Although it’s been eight years since it happened, I remember the phone call as if it was yesterday: “Your husband has been in an accident. He didn’t survive.” Keith had been riding his motorcycle and was killed instantly.

After several weeks I returned to work, thinking the routine would be a distraction from the grief. But it was harder than expected because my co-workers acted awkwardly. They were uncomfortable, saying things like, “Everything happens for a reason,” “He’s in a better place,” and “Time heals all wounds.” These well-meaning words enraged me. I wanted to scream obscenities at them.

I realized then that many people have trouble dealing with colleagues experiencing grief. As a result, the workplace becomes a source of pain for a grieving employee trying to cope with a difficult new reality.

It doesn’t have to be this way. Allowing employees to open up about their grief creates a culture of trust.

How do you do it? While there is no "one-size-fits-all" method for dealing with grief, providing information to your managers can play a crucial role in helping a grieving colleague heal.

As Gianpiero Petriglier and Sally Maitlis wrote in the Harvard Business Review, “Grief ebbs and flows. It doesn’t then unfold in a neat, linear manner. Mourning workers will experience both progressions and regressions after a loss. That’s why managers should understand the three phases and the most helpful response to each.”

Here are the details on each phase:

1. The void
There will be good and bad days. A person may feel heartbroken, exhausted and disoriented. These emotions can be intense and inconsistent.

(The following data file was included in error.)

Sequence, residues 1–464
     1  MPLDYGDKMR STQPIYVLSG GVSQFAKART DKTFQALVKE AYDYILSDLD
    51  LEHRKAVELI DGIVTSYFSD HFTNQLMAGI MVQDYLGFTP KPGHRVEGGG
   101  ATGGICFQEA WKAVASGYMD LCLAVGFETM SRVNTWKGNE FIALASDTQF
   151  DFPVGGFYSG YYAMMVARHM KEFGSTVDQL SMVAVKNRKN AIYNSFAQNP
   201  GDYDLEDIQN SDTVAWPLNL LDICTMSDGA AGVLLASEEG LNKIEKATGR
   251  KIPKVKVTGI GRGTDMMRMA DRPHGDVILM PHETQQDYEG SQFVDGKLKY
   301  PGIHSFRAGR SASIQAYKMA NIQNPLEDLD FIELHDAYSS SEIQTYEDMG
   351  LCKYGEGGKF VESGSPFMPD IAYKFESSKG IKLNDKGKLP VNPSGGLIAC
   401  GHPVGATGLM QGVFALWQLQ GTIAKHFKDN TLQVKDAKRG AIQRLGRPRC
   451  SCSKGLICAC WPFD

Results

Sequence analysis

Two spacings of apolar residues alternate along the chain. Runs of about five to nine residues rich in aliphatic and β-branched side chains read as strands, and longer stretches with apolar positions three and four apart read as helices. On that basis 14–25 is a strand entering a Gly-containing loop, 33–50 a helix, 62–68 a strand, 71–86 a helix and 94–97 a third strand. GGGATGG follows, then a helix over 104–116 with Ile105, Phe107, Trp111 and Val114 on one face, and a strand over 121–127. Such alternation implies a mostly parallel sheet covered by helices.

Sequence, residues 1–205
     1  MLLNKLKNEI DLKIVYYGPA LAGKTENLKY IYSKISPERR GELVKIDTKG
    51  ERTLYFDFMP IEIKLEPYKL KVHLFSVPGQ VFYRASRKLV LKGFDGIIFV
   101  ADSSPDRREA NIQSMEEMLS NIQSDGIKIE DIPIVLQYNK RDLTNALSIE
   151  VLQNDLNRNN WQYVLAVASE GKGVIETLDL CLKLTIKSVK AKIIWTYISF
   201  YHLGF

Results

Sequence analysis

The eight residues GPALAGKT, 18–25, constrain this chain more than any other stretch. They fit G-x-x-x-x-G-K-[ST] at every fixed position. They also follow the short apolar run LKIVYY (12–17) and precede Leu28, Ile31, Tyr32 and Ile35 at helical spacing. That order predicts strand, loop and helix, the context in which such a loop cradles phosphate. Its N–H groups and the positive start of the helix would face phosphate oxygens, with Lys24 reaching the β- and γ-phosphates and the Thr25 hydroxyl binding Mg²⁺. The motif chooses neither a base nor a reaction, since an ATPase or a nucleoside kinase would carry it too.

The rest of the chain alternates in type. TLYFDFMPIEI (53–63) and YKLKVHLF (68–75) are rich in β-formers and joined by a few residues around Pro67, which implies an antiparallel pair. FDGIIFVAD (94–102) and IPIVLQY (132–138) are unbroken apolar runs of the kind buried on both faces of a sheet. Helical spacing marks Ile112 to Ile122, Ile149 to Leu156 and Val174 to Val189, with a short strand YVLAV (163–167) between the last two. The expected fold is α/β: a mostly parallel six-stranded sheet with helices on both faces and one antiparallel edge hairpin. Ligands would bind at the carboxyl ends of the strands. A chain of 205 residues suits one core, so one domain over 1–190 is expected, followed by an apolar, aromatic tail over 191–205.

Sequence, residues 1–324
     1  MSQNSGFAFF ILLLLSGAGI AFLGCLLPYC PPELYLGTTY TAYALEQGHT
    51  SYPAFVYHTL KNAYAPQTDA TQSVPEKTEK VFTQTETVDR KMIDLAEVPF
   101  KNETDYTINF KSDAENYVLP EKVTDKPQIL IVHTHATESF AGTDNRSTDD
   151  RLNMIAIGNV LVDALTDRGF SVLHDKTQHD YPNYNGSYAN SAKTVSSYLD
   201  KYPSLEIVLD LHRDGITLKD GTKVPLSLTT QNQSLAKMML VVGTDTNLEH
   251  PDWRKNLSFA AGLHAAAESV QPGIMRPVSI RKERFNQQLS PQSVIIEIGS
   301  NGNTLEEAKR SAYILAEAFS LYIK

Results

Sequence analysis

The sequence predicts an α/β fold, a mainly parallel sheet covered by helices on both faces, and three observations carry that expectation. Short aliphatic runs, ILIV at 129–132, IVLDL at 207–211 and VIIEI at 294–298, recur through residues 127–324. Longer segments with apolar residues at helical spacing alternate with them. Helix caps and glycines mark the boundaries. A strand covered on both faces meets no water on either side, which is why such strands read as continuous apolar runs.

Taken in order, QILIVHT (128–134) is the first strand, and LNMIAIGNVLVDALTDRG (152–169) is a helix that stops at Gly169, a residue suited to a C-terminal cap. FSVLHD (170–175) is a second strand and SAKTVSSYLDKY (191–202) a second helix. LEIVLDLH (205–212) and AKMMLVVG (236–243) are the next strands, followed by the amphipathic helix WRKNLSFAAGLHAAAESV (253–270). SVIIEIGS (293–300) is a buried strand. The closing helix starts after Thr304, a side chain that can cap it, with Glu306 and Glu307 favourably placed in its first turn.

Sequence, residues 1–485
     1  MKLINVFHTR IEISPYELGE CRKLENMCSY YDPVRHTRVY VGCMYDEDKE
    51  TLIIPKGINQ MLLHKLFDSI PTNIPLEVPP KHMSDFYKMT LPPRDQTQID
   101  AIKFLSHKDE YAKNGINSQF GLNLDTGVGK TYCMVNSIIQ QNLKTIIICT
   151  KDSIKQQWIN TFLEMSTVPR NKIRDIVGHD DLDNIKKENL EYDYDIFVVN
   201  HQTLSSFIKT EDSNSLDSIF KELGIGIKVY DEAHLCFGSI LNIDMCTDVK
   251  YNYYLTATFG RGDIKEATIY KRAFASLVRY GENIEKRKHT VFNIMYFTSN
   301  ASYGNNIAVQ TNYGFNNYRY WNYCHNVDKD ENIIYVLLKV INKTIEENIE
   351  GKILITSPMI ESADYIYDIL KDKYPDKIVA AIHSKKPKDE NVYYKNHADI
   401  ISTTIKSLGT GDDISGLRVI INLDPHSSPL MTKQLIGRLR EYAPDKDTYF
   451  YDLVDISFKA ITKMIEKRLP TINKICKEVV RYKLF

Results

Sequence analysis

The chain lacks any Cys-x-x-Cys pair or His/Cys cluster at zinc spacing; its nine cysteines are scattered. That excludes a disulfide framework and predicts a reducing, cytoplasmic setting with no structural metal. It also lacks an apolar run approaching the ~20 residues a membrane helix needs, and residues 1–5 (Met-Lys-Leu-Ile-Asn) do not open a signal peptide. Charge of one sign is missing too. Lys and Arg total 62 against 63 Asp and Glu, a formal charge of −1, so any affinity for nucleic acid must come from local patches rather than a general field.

What to do: Don’t fix the problem. Instead, acknowledge the loss and take cues from the employee about what he/she needs from you.

2. The absence
Flexibility helps people benefit from the structure of returning to work without being overwhelmed. Employees are looking for a way to feel and act normal after experiencing a loss.

What to do: Work with the person to renegotiate work expectations, and provide ongoing structure and support. Strike a balance between patience and encouragement.

3. The new beginning
There is no timeline for the emergence of hope and resolve after a loss. Feelings regarding a loss don’t disappear or fade, but an individual will begin to grow emotionally and he/she will have the ability to fit other feelings around the grief.

What to do: Acknowledge the change and help to embrace the employee’s outlook toward a new beginning and the person he/she is becoming.

 Dr. Patrick O'Malley, a psychotherapist from Fort Worth, Texas, explains, "Grief is about love; grief is not an illness. The power that management folks have to help that transition for somebody working would make community and society better.”

The healing process is a very personal experience. Grief is not about moving on but moving through the pain. Loss changes an individual. It alters the way a person regards the world, the dreams he/she had and what he/she considered possible. But life isn’t joyless. There will be new dreams and new hopes for the future.



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